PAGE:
“It's like a dance,” she says. “Once you have it right (and I mean, really have it), suddenly the whole method makes sense. You expend much less energy. You're controlling the sheep with your legs, which leaves your hands free, one to hold the shearing hand piece and the other to smooth out the skin so you don't nick the sheep.”
Since there are 400 ewes whose fleeces must be shorn before the hot summer months, that's important for her and her classmates.
The University of California Cooperative Extension Sheep Shearing School is the only program of its kind in California. It has been run in Mendocino County since at least 1990, but in 2009, it moved to the Hopland Research and Extension Center south of Ukiah.
Students are taught the New Zealand method of shearing, where the entire fleece is cut from the sheep as a single unit so it can be sorted and graded according to micron count. The method is designed to be comfortable for both shearer and sheep.
John Harper, UCCE natural resources advisor for Mendocino County, has been running this program for more than 20 years. Although these sheep weigh enough to make handling them a workout, he says that hip flexibility is more important than upper body strength. Since this is something women tend to have more of than men, they are often successful students.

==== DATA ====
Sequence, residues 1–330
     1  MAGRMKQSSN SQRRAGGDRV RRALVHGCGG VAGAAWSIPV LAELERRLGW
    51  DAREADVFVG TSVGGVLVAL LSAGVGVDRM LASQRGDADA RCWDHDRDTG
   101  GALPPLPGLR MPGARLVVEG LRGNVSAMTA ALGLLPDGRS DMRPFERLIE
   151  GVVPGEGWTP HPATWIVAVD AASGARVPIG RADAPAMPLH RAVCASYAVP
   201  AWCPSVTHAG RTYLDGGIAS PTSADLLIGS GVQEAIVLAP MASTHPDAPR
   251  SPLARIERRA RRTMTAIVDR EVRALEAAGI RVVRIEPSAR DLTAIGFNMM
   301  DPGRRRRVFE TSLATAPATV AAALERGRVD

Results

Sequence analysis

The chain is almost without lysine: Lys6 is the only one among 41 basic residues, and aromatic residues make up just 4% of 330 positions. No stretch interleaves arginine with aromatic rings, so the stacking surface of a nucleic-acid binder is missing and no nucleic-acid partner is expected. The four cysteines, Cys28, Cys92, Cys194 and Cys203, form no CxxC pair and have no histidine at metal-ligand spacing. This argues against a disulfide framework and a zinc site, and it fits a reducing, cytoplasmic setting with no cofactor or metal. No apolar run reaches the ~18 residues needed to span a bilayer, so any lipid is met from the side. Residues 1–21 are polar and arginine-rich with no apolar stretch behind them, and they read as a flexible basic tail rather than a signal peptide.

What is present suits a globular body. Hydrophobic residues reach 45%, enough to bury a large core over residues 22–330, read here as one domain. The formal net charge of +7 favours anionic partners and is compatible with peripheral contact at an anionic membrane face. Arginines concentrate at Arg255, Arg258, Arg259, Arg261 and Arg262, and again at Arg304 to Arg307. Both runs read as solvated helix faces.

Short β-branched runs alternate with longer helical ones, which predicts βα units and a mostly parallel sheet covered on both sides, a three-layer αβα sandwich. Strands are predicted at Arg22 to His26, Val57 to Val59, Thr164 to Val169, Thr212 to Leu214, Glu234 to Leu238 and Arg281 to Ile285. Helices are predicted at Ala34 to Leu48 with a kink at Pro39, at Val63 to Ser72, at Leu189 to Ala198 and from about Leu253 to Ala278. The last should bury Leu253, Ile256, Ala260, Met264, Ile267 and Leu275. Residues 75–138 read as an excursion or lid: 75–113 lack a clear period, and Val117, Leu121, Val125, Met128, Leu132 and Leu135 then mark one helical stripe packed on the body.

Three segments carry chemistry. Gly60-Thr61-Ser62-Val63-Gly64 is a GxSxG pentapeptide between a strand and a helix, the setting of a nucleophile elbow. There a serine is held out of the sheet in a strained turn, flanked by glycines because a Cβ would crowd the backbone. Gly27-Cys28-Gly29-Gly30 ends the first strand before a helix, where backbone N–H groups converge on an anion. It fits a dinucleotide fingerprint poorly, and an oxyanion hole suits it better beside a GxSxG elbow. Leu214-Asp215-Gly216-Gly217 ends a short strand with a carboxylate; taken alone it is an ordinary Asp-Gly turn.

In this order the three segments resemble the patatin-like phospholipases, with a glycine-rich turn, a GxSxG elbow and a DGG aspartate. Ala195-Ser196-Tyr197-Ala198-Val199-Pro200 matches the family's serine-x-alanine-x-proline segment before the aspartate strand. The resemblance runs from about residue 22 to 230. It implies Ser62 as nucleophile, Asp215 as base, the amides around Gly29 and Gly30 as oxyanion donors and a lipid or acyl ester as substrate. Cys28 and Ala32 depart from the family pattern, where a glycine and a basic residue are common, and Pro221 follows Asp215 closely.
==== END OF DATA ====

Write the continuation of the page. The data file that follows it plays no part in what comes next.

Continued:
More than 250 students from across the western U.S. as well as Canada and Mexico and have graduated from the program. Many come back year after year to practice under supervision, but also to connect with each other.
This year, a wool grading section was added to the course, taught by Ron Cole and Rodney Kott. Sheep have recently been bred much more for meat than wool in the region but there is a growing demand for high quality fleeces. The finest merino sheep do not do well in damp North Coast conditions but thrive in the dryer Central Valley and foothills, and there is a need for trained graders. Only 3 percent of California's 5 million pounds of wool is currently being processed within the state, and yet California remains a net importer of wool goods, while falling second only to Texas in sheep production. California fleeces are either composted or sent to China for processing, something another graduate of Shearing Class, Matt Gilbert, is keen to avoid.
“There used to be lots of mills in the U.S. to process our wool,” he said. “Now there are hardly any. That's why I wanted to start my own mill to process fine wool. We will be selling to handspinners and knitters and to commercial textile manufacturers. It's about trying to keep the product of this place in the region.”
Gilbert was inspired by the Fibershed movement started by Rebecca Burgess in 2010. Drawing on the locavore movement, Burgess committed to clothing herself for an entire year with textiles grown and produced within 200 miles of her house in Fairfax. The movement is gaining adherents across the country and beyond.
Wilkes says the Fibershed movement is what got her interested in learning to shear, too.